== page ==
Home > Hemdat Yamim > Archive
Shabbat Pesach| 5764
From the works of Hagaon Harav Shaul Yisraeli zt”l - Serve Hashem with Both of Your Inclinations - Condensed from Drashot L’y’mei Hapesach, pg. 104-106
The prohibition against chametz on Pesach is among the most severe and strict in the Torah. What is its internal connection to our liberation from Egypt?
“It is known to You that it is our desire to do Your will. So what deters it? The yeast in the dough and the subjugation of the gentile kingdoms” (Berachot 17a). What does the yeast in the dough represent as a deterrent to proper Divine Service?
The obligation to serve Hashem needs to be done “bishnei l’vavecha”- with both of your inclinations (Berachot 54a). In other words, even our yetzer hara should be involved in our Divine service. Serving Hashem with our yetzer hatov and yetzer hara seem to be mutually exclusive, but they both have sources in the Torah. On one hand, we are told that we are Hashem’s servants. We must make ourselves totally servile to His will. Indeed, Moshe reached his great status by being the most humble man on the face of the earth. On the other hand, we see that it is a praise to be described as “He raised his heart (a phrase that usually refers to the haughty) in the ways of Hashem” (Divrei Hayamim II, 17:6). One needs this trait to stand up to those who scoff at the righteous and take on those who strive to promote evil.
When the Torah warns to avoid the abominations of the nations of the world, it uses the example of the Egyptians and C’na’anites (see Vayikra 18:3 and Rashi, ad loc.). Let us investigate the source of the lowliness of these nations. C’na’an was cursed as a slave of slaves (Bereishit 9:25). As a slave, he reached abominations by his lowliness and animalistic tendencies. Without a normal family life and a striving for respectful behavior, he is undeterred by embarrassment, which might keep another from degrading himself by such behavior.
On the other hand, the Torah is replete with references to the haughtiness of Egypt (see Yeshaya 30:7 and Yechezkel 29:3). The greatest technological advancements of ancient times took place in Egypt. On the other hand, they used their station among the nations to subjugate others. In our days, we see nations using their advances in the sciences for creating societies where the interest is to enable their citizens to concentrate on fulfilling their animalistic tendencies.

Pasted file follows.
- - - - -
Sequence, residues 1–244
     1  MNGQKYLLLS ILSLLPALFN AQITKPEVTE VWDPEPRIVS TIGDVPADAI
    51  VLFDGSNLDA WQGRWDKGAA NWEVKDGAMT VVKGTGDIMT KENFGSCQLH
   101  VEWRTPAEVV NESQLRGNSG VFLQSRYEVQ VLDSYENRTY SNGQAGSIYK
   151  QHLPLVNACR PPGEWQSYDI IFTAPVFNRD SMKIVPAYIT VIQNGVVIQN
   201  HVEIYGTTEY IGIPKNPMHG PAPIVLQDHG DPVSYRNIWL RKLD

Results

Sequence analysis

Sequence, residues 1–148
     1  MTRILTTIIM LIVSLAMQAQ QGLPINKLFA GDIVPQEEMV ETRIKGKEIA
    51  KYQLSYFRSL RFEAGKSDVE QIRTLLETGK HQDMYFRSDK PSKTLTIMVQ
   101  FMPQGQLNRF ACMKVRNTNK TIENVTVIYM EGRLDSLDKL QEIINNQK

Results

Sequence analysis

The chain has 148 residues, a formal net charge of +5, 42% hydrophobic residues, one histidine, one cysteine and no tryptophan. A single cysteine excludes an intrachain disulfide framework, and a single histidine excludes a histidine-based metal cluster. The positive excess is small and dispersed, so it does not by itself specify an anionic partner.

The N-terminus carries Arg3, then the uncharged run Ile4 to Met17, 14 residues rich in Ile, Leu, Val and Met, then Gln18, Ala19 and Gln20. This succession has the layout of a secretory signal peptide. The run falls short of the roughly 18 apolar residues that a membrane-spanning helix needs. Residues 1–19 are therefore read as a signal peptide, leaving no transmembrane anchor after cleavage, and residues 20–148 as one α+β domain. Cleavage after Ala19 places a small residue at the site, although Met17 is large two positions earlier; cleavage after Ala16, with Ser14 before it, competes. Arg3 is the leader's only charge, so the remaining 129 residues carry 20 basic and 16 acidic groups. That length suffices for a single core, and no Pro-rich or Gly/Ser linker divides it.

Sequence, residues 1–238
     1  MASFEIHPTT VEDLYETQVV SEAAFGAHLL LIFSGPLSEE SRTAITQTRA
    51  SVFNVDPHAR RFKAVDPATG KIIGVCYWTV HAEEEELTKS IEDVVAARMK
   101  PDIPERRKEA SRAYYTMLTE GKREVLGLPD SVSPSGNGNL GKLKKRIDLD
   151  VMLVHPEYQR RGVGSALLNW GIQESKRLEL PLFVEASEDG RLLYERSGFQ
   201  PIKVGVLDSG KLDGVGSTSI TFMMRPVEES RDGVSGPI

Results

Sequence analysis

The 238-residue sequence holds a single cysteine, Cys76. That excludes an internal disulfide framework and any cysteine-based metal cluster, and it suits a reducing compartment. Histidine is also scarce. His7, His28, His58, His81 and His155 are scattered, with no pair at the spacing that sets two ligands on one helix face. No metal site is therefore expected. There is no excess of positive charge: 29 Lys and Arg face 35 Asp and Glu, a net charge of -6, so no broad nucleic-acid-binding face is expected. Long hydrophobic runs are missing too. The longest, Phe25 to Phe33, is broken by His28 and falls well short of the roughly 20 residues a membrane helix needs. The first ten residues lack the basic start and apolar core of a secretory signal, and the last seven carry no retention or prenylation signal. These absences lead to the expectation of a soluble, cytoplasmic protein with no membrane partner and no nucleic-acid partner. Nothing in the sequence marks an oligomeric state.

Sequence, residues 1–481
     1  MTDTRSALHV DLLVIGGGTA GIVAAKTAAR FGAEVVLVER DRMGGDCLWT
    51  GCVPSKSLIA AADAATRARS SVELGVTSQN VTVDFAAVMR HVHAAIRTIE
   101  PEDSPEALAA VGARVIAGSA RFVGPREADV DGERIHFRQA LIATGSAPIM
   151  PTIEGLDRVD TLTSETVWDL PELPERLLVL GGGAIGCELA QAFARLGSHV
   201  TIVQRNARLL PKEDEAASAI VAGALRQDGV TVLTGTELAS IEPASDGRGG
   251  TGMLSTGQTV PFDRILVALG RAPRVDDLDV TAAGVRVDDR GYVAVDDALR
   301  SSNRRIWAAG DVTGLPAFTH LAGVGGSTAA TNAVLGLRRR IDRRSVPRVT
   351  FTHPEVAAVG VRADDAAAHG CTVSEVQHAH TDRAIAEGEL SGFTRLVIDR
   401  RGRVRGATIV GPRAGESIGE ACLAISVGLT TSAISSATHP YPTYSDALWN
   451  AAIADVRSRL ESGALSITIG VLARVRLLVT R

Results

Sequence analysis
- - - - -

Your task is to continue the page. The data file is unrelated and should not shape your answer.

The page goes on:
What is the message for Bnei Yisrael? On one hand, in order to be fit to accept the Torah, we need to follow the lead of Har Sinai and have true humility. We have to be willing to be “servants of Hashem, not of Paroh.” That requires, on one hand, the willingness to be subservient, but, on the other hand, the self-esteem to reject the attempt of other cultures to swallow us up.
The Torah told us to stay away on Pesach from chametz. Chametz represents the self-inflation connected with haughtiness. We were not liberated so that we would consider ourselves too great to have any master. We should embrace a Divine master, just not a human one. On the other hand, we learned that subjugation to the nations of the world holds us back from serving Hashem properly. This is not only physical subjugation, but refers to our difficulty in asserting our cultural and spiritual autonomy. The gemara says that destruction befell us because we did not make the blessing before learning the Torah (Bava Metzia 85a). What does it say in that blessing? “He chose us from among the nations.” If we do not remember that we are and must be special and unique, we cannot reach our spiritual destiny.
Top of page
Print this page
Send to friend
More articles from this issue:
This edition of Hemdat Yamim is
This edition of Hemdat Yamim is dedicated in loving memory of
R ' Meir ben Yechezkel Shraga Brachfeld